How To Tell If Your Baby Has Gas, According To Pediatricians
When you're the parent of a new little babe, one of your most confusing tasks is trying to figure out why the heck your baby is crying. Since babies have no way of actually telling us what's bothering them, it often takes a process of elimination to figure it out. Are they hungry? Sleepy? Gassy? Just plain fussy? While it's likely you'll start to learn their cues after a bit, sometimes, there's really no telling why they're crying, but the gas issue is a common one. Knowing the how to tell if your baby has gas can help you at least rule out one issue.
So, how exactly can you tell if your baby has gas? According to Dr. Tyree Winters, pediatrician and Associate Program Director of Pediatric Residency at Goryeb Children’s Hospital in New Jersey, "Flatus, or gas, can have a variety of physical signs. Some common signs include excessive fussiness, abdominal bloating, reflux, or straining without bowel movements." Though fussiness in babies is fairly typical, if your little one seems really out of sorts, or keeps squirming and pulling up her legs, she may have some gas that refuses to pass.
There are a number of ways to help relieve gas in babies though. If you're not sure whether or your not your baby is actually troubled by gas, trying some of these tricks can help you determine what's going on. If your little one seems at peace soon after, the cause of the fuss was likely gas.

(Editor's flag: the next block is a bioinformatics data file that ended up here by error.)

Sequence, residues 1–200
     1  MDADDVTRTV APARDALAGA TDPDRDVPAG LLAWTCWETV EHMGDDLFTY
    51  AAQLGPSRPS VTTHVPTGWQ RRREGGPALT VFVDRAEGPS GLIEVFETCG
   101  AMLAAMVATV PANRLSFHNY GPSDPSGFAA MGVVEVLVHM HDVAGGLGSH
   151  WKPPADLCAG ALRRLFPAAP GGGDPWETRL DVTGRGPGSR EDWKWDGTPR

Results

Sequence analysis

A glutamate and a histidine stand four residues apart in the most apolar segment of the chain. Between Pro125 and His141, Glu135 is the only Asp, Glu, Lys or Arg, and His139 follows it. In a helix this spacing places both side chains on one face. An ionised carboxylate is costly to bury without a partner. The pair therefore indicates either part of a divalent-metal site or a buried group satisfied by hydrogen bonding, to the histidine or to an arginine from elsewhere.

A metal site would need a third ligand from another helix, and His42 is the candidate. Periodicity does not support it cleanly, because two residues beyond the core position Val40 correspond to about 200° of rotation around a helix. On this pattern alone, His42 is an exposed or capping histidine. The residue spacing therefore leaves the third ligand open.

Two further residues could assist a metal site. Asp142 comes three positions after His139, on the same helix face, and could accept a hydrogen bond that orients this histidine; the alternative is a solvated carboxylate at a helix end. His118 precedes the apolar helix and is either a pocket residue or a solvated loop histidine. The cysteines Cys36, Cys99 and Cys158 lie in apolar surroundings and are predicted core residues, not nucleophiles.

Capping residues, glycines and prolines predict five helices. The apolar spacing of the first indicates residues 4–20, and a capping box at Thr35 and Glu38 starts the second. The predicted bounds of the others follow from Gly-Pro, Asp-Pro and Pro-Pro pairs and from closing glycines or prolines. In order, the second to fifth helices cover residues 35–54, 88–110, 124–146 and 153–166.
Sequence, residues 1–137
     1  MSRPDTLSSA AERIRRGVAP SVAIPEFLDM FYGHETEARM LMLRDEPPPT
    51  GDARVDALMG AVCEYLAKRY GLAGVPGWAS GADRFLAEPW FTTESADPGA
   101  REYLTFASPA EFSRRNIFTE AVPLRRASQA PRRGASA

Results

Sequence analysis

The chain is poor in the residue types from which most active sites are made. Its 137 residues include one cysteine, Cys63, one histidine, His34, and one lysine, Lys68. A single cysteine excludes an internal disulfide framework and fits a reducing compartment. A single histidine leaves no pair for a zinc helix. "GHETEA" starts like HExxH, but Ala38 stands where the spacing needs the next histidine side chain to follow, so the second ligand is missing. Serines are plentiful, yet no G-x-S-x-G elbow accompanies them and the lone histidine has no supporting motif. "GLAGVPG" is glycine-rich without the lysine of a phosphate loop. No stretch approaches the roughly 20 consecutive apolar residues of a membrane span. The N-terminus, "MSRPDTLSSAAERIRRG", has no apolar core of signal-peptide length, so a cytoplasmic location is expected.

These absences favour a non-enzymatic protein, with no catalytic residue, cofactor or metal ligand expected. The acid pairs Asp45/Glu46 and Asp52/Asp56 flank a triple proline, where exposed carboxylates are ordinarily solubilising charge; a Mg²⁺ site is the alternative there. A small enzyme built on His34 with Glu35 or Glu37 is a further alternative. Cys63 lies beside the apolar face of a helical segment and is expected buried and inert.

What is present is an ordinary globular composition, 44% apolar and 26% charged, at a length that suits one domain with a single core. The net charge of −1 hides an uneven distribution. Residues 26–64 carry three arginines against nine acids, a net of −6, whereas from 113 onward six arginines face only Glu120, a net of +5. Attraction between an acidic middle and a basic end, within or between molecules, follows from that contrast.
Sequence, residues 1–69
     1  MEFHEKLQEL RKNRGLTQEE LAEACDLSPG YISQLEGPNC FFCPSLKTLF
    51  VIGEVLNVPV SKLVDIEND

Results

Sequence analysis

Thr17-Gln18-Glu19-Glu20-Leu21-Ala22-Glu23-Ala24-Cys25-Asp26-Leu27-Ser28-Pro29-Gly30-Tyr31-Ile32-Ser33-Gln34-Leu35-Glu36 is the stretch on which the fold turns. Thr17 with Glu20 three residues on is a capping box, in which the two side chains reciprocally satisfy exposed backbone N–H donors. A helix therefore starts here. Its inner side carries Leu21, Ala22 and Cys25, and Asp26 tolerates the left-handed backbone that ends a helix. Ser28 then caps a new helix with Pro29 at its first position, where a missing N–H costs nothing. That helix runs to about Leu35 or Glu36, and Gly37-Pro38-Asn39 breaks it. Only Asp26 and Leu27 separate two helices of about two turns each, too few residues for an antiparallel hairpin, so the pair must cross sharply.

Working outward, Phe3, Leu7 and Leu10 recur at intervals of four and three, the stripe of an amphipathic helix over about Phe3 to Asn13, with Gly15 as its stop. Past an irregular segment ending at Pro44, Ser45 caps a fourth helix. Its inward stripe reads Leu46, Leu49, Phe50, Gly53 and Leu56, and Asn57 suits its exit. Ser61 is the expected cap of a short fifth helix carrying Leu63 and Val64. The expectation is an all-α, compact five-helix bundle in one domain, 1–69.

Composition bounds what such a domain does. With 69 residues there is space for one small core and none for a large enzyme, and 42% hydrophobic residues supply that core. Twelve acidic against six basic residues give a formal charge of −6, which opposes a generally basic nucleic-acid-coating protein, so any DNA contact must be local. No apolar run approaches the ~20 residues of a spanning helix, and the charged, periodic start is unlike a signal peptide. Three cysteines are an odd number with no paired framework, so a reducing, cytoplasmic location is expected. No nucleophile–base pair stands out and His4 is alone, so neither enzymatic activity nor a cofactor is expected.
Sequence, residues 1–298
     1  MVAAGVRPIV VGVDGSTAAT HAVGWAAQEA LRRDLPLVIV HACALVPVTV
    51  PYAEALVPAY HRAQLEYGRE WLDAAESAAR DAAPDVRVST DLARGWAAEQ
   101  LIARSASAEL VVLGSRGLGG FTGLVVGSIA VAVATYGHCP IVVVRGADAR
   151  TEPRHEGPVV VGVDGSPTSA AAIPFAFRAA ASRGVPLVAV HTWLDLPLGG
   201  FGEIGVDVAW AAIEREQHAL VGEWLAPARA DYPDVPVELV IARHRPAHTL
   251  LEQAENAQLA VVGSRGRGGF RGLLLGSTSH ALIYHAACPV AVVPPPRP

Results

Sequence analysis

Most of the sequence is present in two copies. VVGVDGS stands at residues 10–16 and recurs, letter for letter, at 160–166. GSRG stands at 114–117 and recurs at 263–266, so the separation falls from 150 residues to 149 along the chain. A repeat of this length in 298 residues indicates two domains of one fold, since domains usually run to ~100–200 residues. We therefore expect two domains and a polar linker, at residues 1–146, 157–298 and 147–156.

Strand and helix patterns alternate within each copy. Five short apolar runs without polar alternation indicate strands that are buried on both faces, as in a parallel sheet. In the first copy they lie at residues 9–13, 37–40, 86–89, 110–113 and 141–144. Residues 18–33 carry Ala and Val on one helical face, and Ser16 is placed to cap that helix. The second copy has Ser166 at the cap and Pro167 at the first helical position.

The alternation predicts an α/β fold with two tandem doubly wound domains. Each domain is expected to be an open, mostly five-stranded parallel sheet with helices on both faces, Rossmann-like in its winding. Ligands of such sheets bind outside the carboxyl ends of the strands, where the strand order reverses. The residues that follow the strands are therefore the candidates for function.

"You can help your baby relieve gas by laying them on their abdomen for supervised tummy time, moving their legs in a bicycle motion while they are laying on their back, or gently massaging their abdomen," Winters tells Romper. "Parents can also prevent gas by burping their child every 1 to 2 ounces during feeds and keeping the baby upright for at least 15 to 20 minutes after feedings," he adds. Doing these things can help to break up bubbles and give gas a little push towards an exit.
New York pediatrician Dr. Deena Blanchard tells Romper, "Many babies have sensitive tummies so gassiness is typically a challenge that babies will have to outgrow." Along with bicycling your baby's legs, white noise, rocking your little one, frequent burping, and probiotics all can help to relieve gas, Blanchard mentions.
Because infants eat around the clock, their digestive systems are working around the clock as well. Things are bound to get a little backed up now and then. But don't fret — frequent gassiness in babies is usually short-lived. "Usually around six months of age, babies start to self-burp when they are sitting up. They also do not swallow as much air, so may not even need to burp as much," pediatrician Dr. Alison Mitzner, MD, tells Romper.
Gassiness, of course, depends on your particular baby. "Breastfed babies sometimes don’t need as much burping as formula fed babies, and some babies with reflux may need more frequent burping during feeds," notes Mitzner. "You will learn your baby and what is necessary and best for your baby."
If your baby doesn't seem to be eased by any of these methods, talk to your pediatrician. They may suggest some gas drops, or take a deeper look to make sure something like a food intolerance isn't to blame. More than likely, your baby is just experiencing a typical amount of gas and they will outgrow it as their systems and bodies grow and develop. After all, if you were super teeny and all of your organs were squished together, you'd likely have a decent amount of gas, too, right?
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